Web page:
Connecting…
Manufacturer: c8
Device: 4016

Which from what I am seeing online should translate to a Winbond W25Q32 flash chip.

More specifically this list of flash-ROM IDs says that 0x4016 could map to a few devices but both the Windbond device, or the Gicgadevices (based on Maucacture code), are 32Mb devices, so there should be 4MB of flash available which is not reflected in the limits above.

Checking the newer linker scripts, the espressif SDK provides ./esp-open-sdk/sdk/ld/eagle.app.v6.new.2048.ld with a bigger definition.

MEMORY
{
dport0_0_seg : org = 0x3FF00000, len = 0x10
dram0_0_seg : org = 0x3FFE8000, len = 0x14000
iram1_0_seg : org = 0x40100000, len = 0x8000
irom0_0_seg : org = 0x40201010, len = 0xE0000
}

ESP8266 and “rst cause:2″

So programming the esp8266 through a USB FTDI chip that also supplies the 5V rail, means the chip has less than the 500mA provided by the USB buss. There is probably ~450mA left to power and program the ESP. Based on the data sheets that should be more than enough. Turns out it isn’t.

Apparently writing to flash on the esp8266 has higher power transients than can be supplied by USB alone. I added additional capacitive bypassing on the power rails of two 10uF capacitors to help with high current transients, and powered the board off of an external supply. Doing that and reflashing got my example code working and stopped the flash problems. It definitely stopped the “rest cause:2″ resets I was seeing.

Espressif reset codes

Looks like there is more to the reset and crash bugs. List of reset causes found on espressif website (http://bbs.espressif.com/viewtopic.php?t=563)

reset cause 1: normally during a Power-On-Reset or by CHIP_PD transient
reset cause 2: normally during a reset caused by a nRESET transient
reset cause 4: normally during a reset by wdt reset

Esp8266 error: “don’t use rtc mem data”

Update: Turns out my problems, while repeatable, were likely to do my libraries being set in a non-homogeneous state. It appears that an auto partially rolled back the SDK version being used, which was weird. A full make clean, and rebuild fixed the problem I was having. Still the reset problem is fairly common with the ESPs and Espressif SDK. This guy summed it up the ESP Reset Problem really well.

So this error was a beast to find – and I saw some others online were having the same problem – so I figured I should post about it someplace Google could find it.

I’m using the espressif development tools, which are getting better, but remain only sparsely documented. My problem started after a change in my code started the ESP crashing on power up. The crash presented, or so I thought, like a flash write error contaminating the boot loader.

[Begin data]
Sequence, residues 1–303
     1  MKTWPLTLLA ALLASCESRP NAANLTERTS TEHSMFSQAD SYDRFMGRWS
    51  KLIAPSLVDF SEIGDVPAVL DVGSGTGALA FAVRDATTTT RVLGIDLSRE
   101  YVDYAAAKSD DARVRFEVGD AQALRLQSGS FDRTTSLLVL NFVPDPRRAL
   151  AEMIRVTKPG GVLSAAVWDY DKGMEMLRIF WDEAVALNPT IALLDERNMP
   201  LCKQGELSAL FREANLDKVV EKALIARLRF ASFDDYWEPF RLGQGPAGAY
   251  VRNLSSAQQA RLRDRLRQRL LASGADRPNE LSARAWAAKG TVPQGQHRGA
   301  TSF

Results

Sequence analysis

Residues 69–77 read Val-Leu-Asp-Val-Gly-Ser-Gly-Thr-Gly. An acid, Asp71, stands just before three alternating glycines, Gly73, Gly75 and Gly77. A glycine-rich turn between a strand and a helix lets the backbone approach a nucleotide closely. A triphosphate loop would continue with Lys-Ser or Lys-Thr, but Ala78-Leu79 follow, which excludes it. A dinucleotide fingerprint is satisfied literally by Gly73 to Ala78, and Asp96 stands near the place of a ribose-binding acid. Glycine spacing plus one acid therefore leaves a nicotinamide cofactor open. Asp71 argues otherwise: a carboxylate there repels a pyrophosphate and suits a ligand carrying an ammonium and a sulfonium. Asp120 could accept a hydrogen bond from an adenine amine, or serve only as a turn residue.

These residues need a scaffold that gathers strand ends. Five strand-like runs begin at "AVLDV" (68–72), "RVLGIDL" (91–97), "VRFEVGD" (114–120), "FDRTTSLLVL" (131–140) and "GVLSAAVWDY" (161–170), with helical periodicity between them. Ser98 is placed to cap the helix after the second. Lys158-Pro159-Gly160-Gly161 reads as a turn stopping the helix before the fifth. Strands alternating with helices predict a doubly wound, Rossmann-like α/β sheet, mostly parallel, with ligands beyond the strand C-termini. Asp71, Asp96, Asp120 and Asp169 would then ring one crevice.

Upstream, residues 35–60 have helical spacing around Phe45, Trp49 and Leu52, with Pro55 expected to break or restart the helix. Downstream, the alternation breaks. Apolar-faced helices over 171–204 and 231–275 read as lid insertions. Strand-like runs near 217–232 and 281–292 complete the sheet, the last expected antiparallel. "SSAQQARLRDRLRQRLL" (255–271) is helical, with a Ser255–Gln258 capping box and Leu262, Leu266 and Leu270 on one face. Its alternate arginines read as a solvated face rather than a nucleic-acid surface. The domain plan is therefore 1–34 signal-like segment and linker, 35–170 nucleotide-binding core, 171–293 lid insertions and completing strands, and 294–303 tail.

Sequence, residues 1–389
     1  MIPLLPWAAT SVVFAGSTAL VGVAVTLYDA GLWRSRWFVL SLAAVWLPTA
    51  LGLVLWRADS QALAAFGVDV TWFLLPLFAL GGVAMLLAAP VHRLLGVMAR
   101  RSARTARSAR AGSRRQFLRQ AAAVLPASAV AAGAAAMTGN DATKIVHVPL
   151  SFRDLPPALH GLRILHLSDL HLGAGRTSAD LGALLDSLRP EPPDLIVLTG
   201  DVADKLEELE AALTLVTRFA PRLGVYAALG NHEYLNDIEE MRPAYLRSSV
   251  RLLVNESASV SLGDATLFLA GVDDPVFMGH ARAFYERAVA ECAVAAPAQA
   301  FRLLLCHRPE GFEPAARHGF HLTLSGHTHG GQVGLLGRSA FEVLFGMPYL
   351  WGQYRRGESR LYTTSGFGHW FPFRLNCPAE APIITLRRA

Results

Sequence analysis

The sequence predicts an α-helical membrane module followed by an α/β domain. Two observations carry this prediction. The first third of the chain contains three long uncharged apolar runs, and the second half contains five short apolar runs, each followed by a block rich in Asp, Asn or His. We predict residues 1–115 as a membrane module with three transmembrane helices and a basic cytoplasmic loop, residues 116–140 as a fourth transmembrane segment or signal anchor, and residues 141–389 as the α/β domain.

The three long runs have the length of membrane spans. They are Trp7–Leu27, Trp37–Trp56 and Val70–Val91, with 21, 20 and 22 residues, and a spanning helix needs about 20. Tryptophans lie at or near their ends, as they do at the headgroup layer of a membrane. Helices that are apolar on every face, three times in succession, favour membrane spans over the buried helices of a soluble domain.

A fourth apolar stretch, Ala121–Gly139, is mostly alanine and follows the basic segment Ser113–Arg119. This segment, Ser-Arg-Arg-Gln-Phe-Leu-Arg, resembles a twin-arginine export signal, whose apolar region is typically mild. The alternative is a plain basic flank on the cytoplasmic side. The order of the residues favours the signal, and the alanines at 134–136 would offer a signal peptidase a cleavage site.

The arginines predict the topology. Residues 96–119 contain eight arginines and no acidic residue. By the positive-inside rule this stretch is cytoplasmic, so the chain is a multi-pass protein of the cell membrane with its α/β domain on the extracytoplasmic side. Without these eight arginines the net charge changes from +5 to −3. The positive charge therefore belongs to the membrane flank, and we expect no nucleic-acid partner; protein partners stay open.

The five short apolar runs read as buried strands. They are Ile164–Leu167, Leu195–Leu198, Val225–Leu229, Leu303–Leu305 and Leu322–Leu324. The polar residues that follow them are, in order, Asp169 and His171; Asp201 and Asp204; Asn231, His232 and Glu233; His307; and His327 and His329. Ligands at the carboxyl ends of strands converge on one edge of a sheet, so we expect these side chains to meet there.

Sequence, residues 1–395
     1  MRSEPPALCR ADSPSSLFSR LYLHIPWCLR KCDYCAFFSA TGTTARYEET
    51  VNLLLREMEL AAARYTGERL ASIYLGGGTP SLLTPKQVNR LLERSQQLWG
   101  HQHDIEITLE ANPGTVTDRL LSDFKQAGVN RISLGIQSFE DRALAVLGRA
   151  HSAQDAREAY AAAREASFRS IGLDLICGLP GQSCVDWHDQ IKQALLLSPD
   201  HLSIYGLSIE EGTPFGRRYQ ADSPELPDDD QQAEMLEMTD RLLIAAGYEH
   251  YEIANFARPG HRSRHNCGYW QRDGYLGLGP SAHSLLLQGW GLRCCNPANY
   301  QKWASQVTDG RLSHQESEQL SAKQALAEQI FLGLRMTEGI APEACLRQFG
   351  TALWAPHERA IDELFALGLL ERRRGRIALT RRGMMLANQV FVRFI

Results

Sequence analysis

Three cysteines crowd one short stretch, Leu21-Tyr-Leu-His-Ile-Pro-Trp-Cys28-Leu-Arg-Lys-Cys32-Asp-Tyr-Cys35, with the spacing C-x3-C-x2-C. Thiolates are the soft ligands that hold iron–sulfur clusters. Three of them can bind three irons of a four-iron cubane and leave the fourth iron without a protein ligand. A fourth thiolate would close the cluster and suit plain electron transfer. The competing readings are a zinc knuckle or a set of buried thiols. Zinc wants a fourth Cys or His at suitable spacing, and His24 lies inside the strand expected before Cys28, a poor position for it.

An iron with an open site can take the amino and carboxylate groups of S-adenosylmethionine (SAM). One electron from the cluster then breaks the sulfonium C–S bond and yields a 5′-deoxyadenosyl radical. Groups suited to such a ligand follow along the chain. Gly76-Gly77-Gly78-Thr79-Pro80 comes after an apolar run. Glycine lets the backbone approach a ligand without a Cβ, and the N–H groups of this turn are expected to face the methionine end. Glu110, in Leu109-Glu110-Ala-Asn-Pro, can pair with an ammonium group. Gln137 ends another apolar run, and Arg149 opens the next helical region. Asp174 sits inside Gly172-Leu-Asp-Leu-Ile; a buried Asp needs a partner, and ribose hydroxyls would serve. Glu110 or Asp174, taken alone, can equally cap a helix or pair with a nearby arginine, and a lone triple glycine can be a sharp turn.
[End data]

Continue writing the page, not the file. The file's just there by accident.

I was getting this error about messing with RTC memory:


r
ets Jan 8 2013,rst cause:2, boot mode:(3,6)

load 0x40100000, len 29920, room 16
tail 0
chksum 0x07
load 0x3ffe8000, len 924, room 8
tail 4
chksum 0xbf
load 0x3ffe83a0, len 4528, room 4
tail 12
chksum 0xde
csum 0xde
don’t use rtc mem data

Well, it turns out the problem was my starting to use the init_done_callback code when I upgraded SDK versions. I jumped from a 1.x SDK to a 1.4. The init_done_callback code was added into the SDK somewhere in that range. The call works fine, and I had been using it for a while in my code when I ran into problems merging the timer code. It is not in the documentation anywhere yet, but you apparently can’t mess with the os timers within the init_done_callback function.

Since it looks like init_done_callback is how you launch code after all the underlying espressif code has finished I’m thinking this is a bug. For now I’m going to change to launching my timers before setting the callback, and use a flag to wait until espressif init’s done.

Here’s a cut down version of the code triggering the problem:

void ICACHE_FLASH_ATTR user_init(void){
user_gpio_init();
user_uart_init();

// Problem killing the timer is here! I should handle timers outside callback.
system_init_done_cb(init_done_callback);
}

void init_done_callback(void)
{
// Callback launches fine – but its the setting of os_timers that triggers
// the crash / messing with timer memory error.
start_keepalive_timer(KEEPALIVE_INTERVAL_SECS);
}

void ICACHE_FLASH_ATTR start_keepalive_timer(int interval)
{
#ifdef DBG_KEEPALIVE
os_timer_disarm( &dbg_keepalive_timer);
os_timer_setfn( &dbg_keepalive_timer,
(os_timer_func_t *)dbg_keepalive_timerfunc,
NULL);
os_timer_arm(&dbg_keepalive_timer, (1000 * interval), 1);
#endif
}

Fun with data!

So lately I have been playing with data measuring light levels throughout the day. I am fascinated With just how much my brain and eyes filter and smooth my perception of light, making me unaware of startlingly large changes.

This graph shows data taken from the same light sensor sampling over two days. The red series of data reflects UV light levels, and the blue reflects UV + Visible light levels.

sensor_id85_day2

Two back-to-back days can vary in duration by 40 minutes! Sure sunrise and sunset times between two days only change slightly, but cloud cover and weather has a massive impact on the light profile of the day. During darkening leading up to sunset the brightness can halve every seven-minute for two hours without it being noticeable!

Some data is just fun to play with.